From these speculations and comments we pass to the narrative of actual events. General Hooker had abandoned the strong position in advance of Chancellorsville, and retired to the fastnesses around that place, to receive the Southern attack. His further proceedings indicated that he anticipated an assault from Lee. The Federal troops had no sooner regained the thicket from which they had advanced in the morning, than they were ordered to erect elaborate works for the protection of infantry and artillery. This was promptly begun, and by the next morning heavy defences had sprung up as if by magic. Trees had been felled, and the trunks interwoven so as to present a formidable obstacle to the Southern attack. In front of these works the forest had been levelled, and the fallen trunks were left lying where they fell, forming thus an _abatis_ sufficient to seriously delay an assaulting force, which would thus be, at every step of the necessarily slow advance, under fire. On the roads piercing the thicket in the direction of the Confederates, cannon were posted, to rake the approaches to the Federal position. Having thus made his preparations to receive Lee's attack, General Hooker awaited that attack, no doubt confident of his ability to repulse it.
His line resembled in some degree the two sides of an oblong square--the longer side extending east and west in front, that is to say, south of Chancellorsville, and the shorter side north and south nearly, east of the place. His right, in the direction of Wilderness Tavern, was comparatively undefended, as it was not expected that Lee would venture upon a movement against that remote point. This line, it would appear, was formed with a view to the possible necessity of falling back toward the Rappahannock. A commander determined to risk everything would, it seems, have fronted Lee boldly, with a line running north and south, east of Chancellorsville. General Hooker's main front was nearly east and west, whatever may have been his object in so establishing it.
On the night of the 1st of May, as we have said, Lee and Jackson held a consultation to determine the best method of attacking the Federal forces on the next day. All the information which they had been able to obtain of the Federal positions east and south of Chancellorsville, indicated that the defences in both these quarters were such as to render an assault injudicious. Jackson had found his advance obstructed by strong works near Alrich's house, on the road running eastward from the enemy's camps; and General Stuart and General Wright, who had moved to the left, and advanced upon the enemy's front near the point called "The Furnace," had discovered the existence of powerful defences in that quarter also. They had been met by a fierce and sudden artillery-fire from Federal epaulements; and here, as to the east of Chancellorsville, the enemy had evidently fortified their position.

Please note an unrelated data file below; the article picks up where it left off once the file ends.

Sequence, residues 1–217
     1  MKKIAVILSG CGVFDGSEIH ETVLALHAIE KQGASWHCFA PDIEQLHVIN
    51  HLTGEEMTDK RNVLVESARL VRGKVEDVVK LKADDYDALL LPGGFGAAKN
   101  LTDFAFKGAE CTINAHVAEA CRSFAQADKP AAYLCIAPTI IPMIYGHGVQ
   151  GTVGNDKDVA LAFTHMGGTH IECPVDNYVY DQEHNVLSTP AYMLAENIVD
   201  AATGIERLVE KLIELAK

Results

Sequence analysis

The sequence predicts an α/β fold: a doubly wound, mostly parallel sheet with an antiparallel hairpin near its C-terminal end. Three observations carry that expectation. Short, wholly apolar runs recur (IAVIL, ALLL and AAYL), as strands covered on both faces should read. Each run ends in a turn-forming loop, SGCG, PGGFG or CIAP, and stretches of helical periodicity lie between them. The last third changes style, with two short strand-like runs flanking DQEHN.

Under these circumstances, it was necessary to discover, if possible, some more favorable opening for an attack. There remained but one other--General Hooker's right, west of Chancellorsville; but to divide the army, as would be necessary in order to attack in that quarter, seemed an undertaking too hazardous to be thought of. To execute such a plan of assault with any thing like a hope of success, General Lee would be compelled to detach considerably more than half of his entire force. This would leave in General Hooker's front a body of troops too inconsiderable to make any resistance if he advanced his lines, and thus the movement promised to result in the certain destruction of one portion of the army, to be followed by a triumphant march of the Federal forces upon Richmond. In the council of war between Lee and Jackson, on the night of the 1st of May, these considerations were duly weighed, and the whole situation discussed. In the end, the hazardous movement against General Hooker's right, beyond Chancellorsville, was determined upon. This was first suggested, it is said, by Jackson--others have attributed the suggestion to Lee. The point is not material. The plan was adopted, and Lee determined to detach a column of about twenty-one thousand men, under Jackson, to make the attack on the next day. His plan was to await the arrival of Jackson at the point selected for attack, meanwhile engaging the enemy's attention by demonstrations in their front. When Jackson's guns gave the signal that he was engaged, the force in front of the enemy was to advance and participate in the assault; and thus, struck in front and flank at once. General Hooker, it was hoped, would be defeated and driven back across the Rappahannock.
There was another possible result, the defeat of Lee and Jackson by General Hooker. But the desperate character of the situation rendered it necessary to disregard this risk.
By midnight this plan had been determined upon, and at dawn Jackson began to move.